Friday, 18 May 2012

Manchester United Q3 2012 results: getting hard to square the circle

Since United had its bond issue in early 2010, the club has reported increased year-on-year revenues every single quarter. This revenue growth has more than offset rampant wage inflation. Meanwhile of course the club has clocked up Champions League finals and Championships. This season the performance on and off the pitch has stalled somewhat. The numbers for the next quarter (which runs from April to June) will be worse again.

For the Glazers, the clever trick of football success on a limited budget with high and seemingly ever increasing profits may well coming to an end. Will they spend at the expense of those profits? If they don't, will the success and hence the profits still be achievable?

It's getting harder to square the circle.

Revenue and EBITDA - both down a little
The poor performances in Europe and the domestic cups can be seen in these quarterly figures. Matchday income fell 13% compared to last year as the club played seven home games compared to last season's nine. Of the seven played, two were in the Europa League in front of smaller gates paying lower prices.

Media income fell 19% compared to 2010/11 despite the higher share of the UEFA CL "market pool" this year. The explanation is simply the exit from the Champions League. The impact will be far more severe in the current quarter of course when there will be no CL media income at all compared to the previous year's run to the final.

Commercial income was again the star, with the new contracts signed since last year; DHL, Epson etc and a step up in Nike income and income recognition boosting revenue by 15% compared to 2010/11.

In total, revenue fell 5.8% year-on-year in the quarter and revenue growth for the nine month period was 6.1% (down from 11.9% in the first half of the year). United may be a commercial powerhouse, but old fashioned football success and failure can still have a major impact.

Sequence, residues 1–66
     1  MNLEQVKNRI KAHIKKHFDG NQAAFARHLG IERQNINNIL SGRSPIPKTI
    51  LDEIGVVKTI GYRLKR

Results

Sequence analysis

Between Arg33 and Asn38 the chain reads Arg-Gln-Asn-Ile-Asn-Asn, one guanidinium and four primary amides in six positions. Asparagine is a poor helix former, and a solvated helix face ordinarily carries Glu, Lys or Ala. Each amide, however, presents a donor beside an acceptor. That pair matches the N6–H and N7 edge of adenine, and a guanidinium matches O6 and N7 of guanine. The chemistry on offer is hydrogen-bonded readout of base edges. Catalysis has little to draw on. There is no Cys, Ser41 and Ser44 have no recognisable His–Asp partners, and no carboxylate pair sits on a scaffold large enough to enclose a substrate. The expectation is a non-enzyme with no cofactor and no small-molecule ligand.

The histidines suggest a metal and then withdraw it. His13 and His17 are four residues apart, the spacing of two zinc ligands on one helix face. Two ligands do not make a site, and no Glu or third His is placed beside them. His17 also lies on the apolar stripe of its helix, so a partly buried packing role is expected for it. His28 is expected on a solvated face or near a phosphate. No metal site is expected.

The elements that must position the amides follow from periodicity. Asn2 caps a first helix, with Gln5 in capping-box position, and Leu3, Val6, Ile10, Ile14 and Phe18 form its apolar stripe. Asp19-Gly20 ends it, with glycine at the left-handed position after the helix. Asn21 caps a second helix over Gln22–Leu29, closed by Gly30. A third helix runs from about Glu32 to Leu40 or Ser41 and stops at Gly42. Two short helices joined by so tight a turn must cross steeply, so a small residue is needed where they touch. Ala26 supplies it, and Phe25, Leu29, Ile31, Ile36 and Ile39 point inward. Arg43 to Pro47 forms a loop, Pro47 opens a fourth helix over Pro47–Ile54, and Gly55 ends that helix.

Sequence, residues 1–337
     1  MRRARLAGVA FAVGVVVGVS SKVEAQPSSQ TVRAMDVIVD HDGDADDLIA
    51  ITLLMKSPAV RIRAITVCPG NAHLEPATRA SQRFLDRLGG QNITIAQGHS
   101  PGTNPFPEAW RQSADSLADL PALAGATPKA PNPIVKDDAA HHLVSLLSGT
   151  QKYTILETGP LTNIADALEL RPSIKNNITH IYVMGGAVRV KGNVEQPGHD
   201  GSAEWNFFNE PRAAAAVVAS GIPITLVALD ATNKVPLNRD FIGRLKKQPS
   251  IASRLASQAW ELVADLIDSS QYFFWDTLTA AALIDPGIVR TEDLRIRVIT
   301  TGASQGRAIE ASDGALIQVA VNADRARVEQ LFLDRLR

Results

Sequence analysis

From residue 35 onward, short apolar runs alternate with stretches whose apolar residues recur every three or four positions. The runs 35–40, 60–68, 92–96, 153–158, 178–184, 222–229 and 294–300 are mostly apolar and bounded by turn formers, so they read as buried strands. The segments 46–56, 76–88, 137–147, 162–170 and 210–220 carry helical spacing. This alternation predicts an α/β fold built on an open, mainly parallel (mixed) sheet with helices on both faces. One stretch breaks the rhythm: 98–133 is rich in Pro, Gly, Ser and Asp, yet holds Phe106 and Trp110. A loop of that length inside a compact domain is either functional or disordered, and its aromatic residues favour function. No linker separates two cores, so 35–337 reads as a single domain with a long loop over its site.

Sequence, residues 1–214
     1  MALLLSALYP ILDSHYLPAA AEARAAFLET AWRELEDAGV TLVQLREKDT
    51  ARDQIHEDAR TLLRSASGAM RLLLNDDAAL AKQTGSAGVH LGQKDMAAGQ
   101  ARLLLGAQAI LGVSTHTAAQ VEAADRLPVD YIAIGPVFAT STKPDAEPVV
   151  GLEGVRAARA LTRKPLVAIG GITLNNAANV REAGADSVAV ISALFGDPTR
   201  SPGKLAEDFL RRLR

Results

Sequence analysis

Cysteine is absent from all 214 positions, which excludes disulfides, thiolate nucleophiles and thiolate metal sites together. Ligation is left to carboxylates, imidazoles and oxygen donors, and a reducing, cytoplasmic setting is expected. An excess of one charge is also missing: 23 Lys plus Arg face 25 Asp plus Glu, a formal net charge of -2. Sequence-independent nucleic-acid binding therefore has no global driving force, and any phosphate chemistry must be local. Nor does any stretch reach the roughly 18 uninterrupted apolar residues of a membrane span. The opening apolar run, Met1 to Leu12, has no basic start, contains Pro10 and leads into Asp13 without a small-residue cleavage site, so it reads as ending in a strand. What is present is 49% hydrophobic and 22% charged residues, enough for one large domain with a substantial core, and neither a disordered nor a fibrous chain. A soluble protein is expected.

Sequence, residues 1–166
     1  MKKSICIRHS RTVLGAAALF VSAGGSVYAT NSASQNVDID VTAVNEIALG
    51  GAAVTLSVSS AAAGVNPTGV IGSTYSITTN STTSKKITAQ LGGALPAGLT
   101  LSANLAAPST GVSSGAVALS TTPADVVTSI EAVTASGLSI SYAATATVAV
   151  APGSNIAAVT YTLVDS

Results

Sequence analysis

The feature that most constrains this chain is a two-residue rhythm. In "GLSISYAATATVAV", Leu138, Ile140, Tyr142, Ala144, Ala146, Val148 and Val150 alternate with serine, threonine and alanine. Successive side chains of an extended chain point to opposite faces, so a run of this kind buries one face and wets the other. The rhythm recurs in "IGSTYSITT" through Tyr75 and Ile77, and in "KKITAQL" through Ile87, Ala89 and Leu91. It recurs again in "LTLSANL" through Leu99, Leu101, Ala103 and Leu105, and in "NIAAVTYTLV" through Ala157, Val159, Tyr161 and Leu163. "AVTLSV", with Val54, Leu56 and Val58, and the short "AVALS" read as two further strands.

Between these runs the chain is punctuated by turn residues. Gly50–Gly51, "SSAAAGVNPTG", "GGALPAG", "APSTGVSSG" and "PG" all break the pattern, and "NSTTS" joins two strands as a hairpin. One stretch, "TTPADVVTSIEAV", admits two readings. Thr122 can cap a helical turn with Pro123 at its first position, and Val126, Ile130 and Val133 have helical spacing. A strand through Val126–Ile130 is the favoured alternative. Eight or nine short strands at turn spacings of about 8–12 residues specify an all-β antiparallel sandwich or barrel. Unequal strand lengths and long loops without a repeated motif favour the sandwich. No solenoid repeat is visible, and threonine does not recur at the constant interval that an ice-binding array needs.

Staff costs only rose 1% compared to last year, reflecting lower bonuses (presumably linked to qualification for the CL knock-out stages). The wage bill for the year to date is still 10% higher than last season, although the fourth quarter will not see any of last season's bonuses.

The major fall in operating expenses (down 16.3%) is largely due to the lack of domestic home cup games. The club accounts for the gate sharing for such games as an expense and this season there were no such games.

With revenue down 5.8% and costs only down 4.7%, EBITDA fell 8.4% and for the first nine months of the year was only up 3.3%. There will be a larger fall in Q4.

These falls shouldn't be overplayed, with United still making cash profits before transfers of £85m in the first nine months of the season. That is more than any other English club has made over any twelve month period. The worry for the Glazers, is that the profits are stagnating this year at a time when investment is needed to keep up with City and others, and none of that is good if you hope to float your club on a stock exchange.

Below EBITDA - not much of note
The club made a small £2m profit on player sales during the quarter (Gibson and Ravel Morrison). The amortisation charge (how transfers are "charged" in accounts) was basically unchanged at £9.7m for the three months. To put this in context, the c. £40m annual amortisation charge compares to a figure of £83.8m at free spending City in the last reported season (2010/11).

There was a £4.3m "exceptional" charge during the quarter which the club says related to "professional advisory fees" and the need to top up the Football League pension fund. I suspect the "fees" element accounts for the great majority of this £4.3m and relates to advice on the mooted IPO.

The interest charge is spread evenly over each quarter even though bond interest is paid twice a year in February and August. The club recorded a "gain" of £6.5m as the pound rose against the US dollar, reducing the sterling value of the club's dollar denominated bonds.

Taking all these charges and credits into account, pre-tax profit for the quarter was £2.8m, down from £7.4m last year.

Cash - a lot less money than there used to be
As I always say in these pieces, I do not consider the profit and loss account described above to be particularly informative when looking at football clubs below the EBITDA figure. The cash flow statement is often more informative. Cash flow includes real spending on transfers which are after all cash transactions (the amortisation charge is a significant simplification by contrast). For United, lumpy bond interest payments and bond buybacks are also a fact of life that constrain what the club can spend.